How do we educate children about history? If we think children should share an adult’s passion for history, how do we inspire the historical imagination in a younger generation?
As someone who has devoted much of his adult life to the formal and formal study of history, I can discuss (even expound) with great confidence about various historical eras, events and concepts. But where did this knowledge and appreciation of such events and concepts come from?
Prominent in my mind are a number of books, short TV series and movies that captured my childhood imagination. I’m indebted to these sources for nurturing and expanding my historical imagination. I will reflect on just a few of them over a series of blog entries.
This week (6 May) records the birth of the children’s illustrator, Edward Osmond. To me, his most notable work is ‘A Valley Grows Up’ , for which he was awarded the Carnegie Medal for children’s literature in 1953. Through his vivid illustrations, Osmond taught me about ‘landscape archaeology’ decades before I had even heard of the term (thankyou Mick Ashton and Time Team).
In ‘A Valley Grows Up’, Osmond integrates insights from multiple disciplines (geography, history, economics etc.) to tell the story of a fictional valley in southern England. Conventional history generally focusses on an individual or group of people. The physical landscape that they dwell within can often seem incidental. However, Osmond turned this concept on its head – he used his fictional valley as the (relatively) static reference point for demonstrating historical changes in a way intelligible to children. From a single vantage point above the valley, we see the human layer to the valley change with each successive era from Neolithic times to late Victorian times. In re-reading his book as an adult, his principles of landscape history are clear – assuming sufficient numbers of people in a given geographical area, people will always try to exploit the land in much the same ways. Fields will be placed in much the same place; houses will be placed in much the same place; and river fords and similar transport intersections will always attract trade and settlement. In a modern real estate context, we might also say ‘Location, location, location’.I must confess, however intriguing the book was for me as a child, I did not fully appreciate Osmond’s teachings until I re-read his book as an adult. In his pages we read a truly inter-disciplinary approach to the study of history and landscape. Even in the 21st Century, I would regard ‘A Valley grows Up’ as a revolutionary text for the study of history. I recommend it to any budding historian.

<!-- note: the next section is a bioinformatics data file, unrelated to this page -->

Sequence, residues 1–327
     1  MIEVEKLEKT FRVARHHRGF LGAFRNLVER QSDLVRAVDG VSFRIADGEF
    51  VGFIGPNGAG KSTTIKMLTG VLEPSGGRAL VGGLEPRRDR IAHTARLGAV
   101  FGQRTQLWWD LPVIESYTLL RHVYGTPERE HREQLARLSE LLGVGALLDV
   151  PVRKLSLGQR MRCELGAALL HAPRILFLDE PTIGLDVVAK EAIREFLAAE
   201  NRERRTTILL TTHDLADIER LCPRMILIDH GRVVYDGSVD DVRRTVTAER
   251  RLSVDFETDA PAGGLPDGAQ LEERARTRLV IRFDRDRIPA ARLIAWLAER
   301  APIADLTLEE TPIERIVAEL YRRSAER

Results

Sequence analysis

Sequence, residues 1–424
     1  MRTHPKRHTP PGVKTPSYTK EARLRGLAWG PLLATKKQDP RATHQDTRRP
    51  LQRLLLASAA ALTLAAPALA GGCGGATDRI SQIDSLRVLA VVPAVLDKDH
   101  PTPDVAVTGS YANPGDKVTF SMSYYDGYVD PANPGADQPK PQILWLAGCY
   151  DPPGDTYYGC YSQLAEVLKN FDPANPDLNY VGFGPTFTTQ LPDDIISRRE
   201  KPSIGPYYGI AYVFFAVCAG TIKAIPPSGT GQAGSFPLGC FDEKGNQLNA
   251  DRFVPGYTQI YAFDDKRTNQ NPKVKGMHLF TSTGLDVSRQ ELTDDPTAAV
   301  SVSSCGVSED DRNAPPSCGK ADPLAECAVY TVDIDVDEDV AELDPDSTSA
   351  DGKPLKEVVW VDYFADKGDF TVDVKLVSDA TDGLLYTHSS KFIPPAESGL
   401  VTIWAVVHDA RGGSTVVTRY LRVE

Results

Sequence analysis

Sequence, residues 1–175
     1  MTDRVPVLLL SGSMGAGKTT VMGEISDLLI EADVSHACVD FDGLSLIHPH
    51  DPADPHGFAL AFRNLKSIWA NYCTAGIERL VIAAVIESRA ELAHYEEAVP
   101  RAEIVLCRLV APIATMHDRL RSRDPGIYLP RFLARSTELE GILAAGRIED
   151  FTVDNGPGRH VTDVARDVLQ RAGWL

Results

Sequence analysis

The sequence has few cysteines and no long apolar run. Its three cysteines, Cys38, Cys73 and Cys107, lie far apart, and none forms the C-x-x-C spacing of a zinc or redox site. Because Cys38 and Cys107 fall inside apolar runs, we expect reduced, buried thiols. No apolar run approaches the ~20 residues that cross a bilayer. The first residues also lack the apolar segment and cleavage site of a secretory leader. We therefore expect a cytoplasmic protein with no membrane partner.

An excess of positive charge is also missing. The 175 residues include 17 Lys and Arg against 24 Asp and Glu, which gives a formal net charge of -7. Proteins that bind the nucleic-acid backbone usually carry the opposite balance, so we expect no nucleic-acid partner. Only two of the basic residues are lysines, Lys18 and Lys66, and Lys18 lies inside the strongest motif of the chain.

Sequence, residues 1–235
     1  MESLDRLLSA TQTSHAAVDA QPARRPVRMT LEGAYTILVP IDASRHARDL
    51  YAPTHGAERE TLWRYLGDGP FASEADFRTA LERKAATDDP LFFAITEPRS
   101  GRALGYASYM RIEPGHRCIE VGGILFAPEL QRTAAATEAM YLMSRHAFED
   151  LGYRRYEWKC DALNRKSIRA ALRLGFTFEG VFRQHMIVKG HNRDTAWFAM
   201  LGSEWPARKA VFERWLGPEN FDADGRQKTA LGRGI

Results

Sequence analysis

I will continue this theme in a series of occasional blogs – watch out for my reflections on the Asterix books, Rosemary Sutcliff and others.
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‘A Valley Grows Up’ Book cover
Edward Osmond, author & illustrator
Published by Oxford University Press, 1953
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